Insects are in freefall and that goes a long way in explaining our declining bird populations. Ninety-six percent of North American land birds depend on insects to feed their young. Caterpillars alone help sustain the young of over three hundred bird species. Fewer insects mean lower productivity for birds and other animals that depend upon insects. Many fish, mammal, reptile, and especially amphibian species that heavily depend on insect mass are also unsustainably declining. Insects also pollinate plants that produce the seeds and berries that many bird species need to sustain life as adults. The decline in bird numbers cannot be reversed without increasing the insect biomass.

Insects in turn depend on native plants. Non-native plants attract significantly fewer insects than native plants because insects are attracted to the plants with which they co-evolved. Oaks alone support over five hundred species of butterflies and moths. Willows, cherries, and birches support over four hundred species each. These tree species are among the best places to look for migrating warblers hungry for nutritious caterpillars.

Urban and suburban yards filled with exotic plants are food deserts for our native birds. A recent study by Narango, Tallamy, and Marra showed that Carolina Chickadees, a common species that has adapted to urban landscapes, are struggling to raise young in a landscape of exotic plants. The study showed that the chickadees could not sustain population growth where the native plant biomass was less than seventy percent. Species that are less adapted to human landscapes have an even higher requirement for native plants. Michael van Clif and I studied the plant associations used by breeding Hooded and Kentucky Warblers at Baldpate Mountain and the Sourland Ecosystem Preserve. We found that the warblers were breeding in areas with an average of eighty-two percent native plant cover, mainly Spicebush thickets, which are the best place to look for migrating Black-throated Blue Warblers that relish Spicebush Swallowtail caterpillars. Also, migrating thrushes are attracted by the lipid rich berries of the Spicebush.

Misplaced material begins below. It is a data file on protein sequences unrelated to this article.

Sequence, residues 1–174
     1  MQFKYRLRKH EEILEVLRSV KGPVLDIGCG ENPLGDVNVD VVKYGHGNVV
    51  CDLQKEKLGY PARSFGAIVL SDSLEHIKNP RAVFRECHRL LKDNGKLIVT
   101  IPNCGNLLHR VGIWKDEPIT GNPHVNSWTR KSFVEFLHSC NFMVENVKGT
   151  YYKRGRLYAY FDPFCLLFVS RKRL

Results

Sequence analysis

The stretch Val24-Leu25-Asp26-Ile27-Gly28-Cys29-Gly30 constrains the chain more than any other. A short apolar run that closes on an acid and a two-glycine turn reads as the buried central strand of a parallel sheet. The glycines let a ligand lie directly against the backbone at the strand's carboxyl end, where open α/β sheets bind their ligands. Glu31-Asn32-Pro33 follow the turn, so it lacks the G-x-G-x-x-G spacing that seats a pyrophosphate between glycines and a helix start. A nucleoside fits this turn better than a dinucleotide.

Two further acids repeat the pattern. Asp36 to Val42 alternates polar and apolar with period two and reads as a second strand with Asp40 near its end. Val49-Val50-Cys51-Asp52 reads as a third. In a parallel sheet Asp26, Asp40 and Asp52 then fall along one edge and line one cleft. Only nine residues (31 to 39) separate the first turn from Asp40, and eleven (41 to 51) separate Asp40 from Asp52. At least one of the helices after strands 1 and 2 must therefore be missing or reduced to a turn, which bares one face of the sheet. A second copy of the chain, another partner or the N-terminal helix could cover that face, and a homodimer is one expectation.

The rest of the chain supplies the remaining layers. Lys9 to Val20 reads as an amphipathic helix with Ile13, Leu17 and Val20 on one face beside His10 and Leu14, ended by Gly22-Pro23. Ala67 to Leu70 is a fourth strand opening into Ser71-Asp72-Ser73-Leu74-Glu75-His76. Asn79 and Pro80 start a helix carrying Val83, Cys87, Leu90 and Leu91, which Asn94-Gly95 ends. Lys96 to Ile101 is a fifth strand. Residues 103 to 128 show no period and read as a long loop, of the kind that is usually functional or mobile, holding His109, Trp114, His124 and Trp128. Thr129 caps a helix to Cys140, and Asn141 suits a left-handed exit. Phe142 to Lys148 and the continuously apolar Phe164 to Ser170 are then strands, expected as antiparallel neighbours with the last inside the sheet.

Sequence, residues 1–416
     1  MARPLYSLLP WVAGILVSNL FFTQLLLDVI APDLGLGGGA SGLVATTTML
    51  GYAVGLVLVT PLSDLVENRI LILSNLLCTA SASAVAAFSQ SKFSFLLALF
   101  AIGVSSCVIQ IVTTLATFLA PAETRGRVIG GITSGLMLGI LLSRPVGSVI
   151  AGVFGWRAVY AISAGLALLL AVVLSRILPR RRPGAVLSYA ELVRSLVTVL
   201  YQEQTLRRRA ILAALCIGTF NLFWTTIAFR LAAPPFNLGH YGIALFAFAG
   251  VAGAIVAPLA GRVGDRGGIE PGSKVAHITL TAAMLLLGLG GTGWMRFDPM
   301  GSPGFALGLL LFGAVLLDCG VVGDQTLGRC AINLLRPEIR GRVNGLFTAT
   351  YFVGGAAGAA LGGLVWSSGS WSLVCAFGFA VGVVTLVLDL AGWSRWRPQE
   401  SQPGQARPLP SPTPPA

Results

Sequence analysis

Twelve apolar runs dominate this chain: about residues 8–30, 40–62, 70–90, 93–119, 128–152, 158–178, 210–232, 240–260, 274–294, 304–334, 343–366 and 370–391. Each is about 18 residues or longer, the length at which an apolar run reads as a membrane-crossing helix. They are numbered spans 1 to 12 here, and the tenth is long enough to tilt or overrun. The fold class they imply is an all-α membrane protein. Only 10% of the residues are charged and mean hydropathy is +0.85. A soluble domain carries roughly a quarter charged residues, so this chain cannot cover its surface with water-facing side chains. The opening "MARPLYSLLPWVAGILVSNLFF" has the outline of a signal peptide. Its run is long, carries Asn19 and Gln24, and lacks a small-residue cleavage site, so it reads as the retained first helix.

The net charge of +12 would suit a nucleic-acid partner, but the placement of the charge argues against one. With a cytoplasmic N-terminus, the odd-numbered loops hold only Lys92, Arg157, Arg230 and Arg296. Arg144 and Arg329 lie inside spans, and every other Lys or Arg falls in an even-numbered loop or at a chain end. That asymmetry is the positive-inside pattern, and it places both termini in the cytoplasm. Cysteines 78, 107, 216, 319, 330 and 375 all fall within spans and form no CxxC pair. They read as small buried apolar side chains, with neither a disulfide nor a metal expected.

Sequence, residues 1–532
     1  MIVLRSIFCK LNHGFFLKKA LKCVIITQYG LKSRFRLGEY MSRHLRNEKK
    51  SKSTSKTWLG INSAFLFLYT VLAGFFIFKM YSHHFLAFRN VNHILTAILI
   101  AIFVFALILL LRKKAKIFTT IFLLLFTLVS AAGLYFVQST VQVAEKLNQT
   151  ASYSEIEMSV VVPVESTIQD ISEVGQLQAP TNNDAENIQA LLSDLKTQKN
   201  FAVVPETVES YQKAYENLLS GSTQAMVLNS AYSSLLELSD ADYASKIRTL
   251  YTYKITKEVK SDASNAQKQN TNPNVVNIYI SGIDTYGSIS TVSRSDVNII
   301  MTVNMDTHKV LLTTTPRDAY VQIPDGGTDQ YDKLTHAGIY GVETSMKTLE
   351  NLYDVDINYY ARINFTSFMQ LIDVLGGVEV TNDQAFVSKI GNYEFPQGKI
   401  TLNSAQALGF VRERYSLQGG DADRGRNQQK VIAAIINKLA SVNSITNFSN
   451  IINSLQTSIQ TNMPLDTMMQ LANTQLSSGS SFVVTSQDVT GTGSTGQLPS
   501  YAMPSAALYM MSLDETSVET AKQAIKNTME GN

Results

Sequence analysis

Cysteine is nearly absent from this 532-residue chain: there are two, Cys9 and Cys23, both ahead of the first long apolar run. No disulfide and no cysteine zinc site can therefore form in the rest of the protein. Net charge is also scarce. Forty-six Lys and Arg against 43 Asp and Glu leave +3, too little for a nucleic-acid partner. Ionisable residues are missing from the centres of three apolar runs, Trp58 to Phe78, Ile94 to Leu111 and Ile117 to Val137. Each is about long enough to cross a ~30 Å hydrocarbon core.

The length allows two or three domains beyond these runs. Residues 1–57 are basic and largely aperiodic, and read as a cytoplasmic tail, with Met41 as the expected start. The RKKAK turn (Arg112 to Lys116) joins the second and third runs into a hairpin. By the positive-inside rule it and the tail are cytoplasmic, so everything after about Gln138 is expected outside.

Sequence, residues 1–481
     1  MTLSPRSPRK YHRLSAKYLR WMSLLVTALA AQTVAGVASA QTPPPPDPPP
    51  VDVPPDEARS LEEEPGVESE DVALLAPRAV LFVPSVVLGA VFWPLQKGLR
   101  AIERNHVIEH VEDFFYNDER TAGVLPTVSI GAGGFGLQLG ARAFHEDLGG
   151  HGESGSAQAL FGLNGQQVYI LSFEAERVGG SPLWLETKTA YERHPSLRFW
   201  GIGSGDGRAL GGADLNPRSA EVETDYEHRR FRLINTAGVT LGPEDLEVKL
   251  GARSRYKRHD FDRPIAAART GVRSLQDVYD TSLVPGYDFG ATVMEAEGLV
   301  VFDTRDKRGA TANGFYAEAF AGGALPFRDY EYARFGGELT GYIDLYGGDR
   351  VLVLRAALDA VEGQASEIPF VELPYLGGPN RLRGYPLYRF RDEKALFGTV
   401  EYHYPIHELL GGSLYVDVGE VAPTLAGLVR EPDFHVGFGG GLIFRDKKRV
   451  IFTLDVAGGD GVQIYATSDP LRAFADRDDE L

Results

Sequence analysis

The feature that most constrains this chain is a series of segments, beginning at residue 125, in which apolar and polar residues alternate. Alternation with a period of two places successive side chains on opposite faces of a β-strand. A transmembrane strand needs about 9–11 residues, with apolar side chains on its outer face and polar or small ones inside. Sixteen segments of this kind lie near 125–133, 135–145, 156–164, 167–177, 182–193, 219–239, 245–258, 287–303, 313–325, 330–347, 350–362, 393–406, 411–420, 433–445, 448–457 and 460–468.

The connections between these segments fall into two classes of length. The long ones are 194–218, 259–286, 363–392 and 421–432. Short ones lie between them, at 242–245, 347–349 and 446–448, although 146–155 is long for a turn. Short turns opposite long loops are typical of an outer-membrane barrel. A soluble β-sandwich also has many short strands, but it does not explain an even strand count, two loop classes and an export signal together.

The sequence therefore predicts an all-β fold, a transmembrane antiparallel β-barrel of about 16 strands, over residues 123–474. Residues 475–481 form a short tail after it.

Obligate insectivores like swallows and swifts are among our fastest declining bird species. Species such as Whip-poor-wills that depend on night flying insects have also significantly decreased. Decreases in insect abundance, diversity, and size has resulted in the unsustainable decline of these bird species, indicating that depletion of the bird’s food source was the main cause of the rapid decline in insectivorous birds.

Agricultural pesticides, such as neonicotinoids, called neonics, and chlorpyrifos, have been implicated in the decline of insect populations and the vertebrate species that depend upon them. A study in Germany showed significant insect population declines in preserved natural areas surrounded by farms utilizing intensive agricultural practices. Farming practices have a huge impact on insect populations. A study in Finland showed that organic livestock farming was the only mode of farming that significantly increased the population of insectivorous birds because the frequently rotated pastures used in organic livestock farms most closely resemble native grasslands. The swallow population at the St. Michael’s Farm Preserve supports this study. St. Michael’s supports healthy numbers of Tree Swallows, Barn Swallows, and Purple Martins and has a pair of Rough-winged Swallows under the Aunt Molly Road bridge.

Insecticides also have a direct effect on birds. An American Bird Conservancy study showed that a single neonic-coated seed could kill a Blue Jay sized bird. A recent Canadian study shows that non-lethal doses of neonics are having a significant effect on migrating birds by suppressing appetite. Birds exposed to neonics lose a substantial amount of weight at a time they need to be gaining weight, forcing the birds to delay migration which harms their chances to breed. Birds poisoned by neonics may not be in condition to breed once they reach their breeding grounds.

Reversing insect decline is an essential step in reversing bird decline. Fortunately, it is a step everyone can take, starting with increasing the native plant content on their own property or volunteering to plant native plants in restoration projects on preserved land. Not using insecticides and supporting local organic farms that forego insecticides would also help boost local insect populations and make migration safer for birds. The reward is outside your window.

—Sharyn Magee

President, WCAS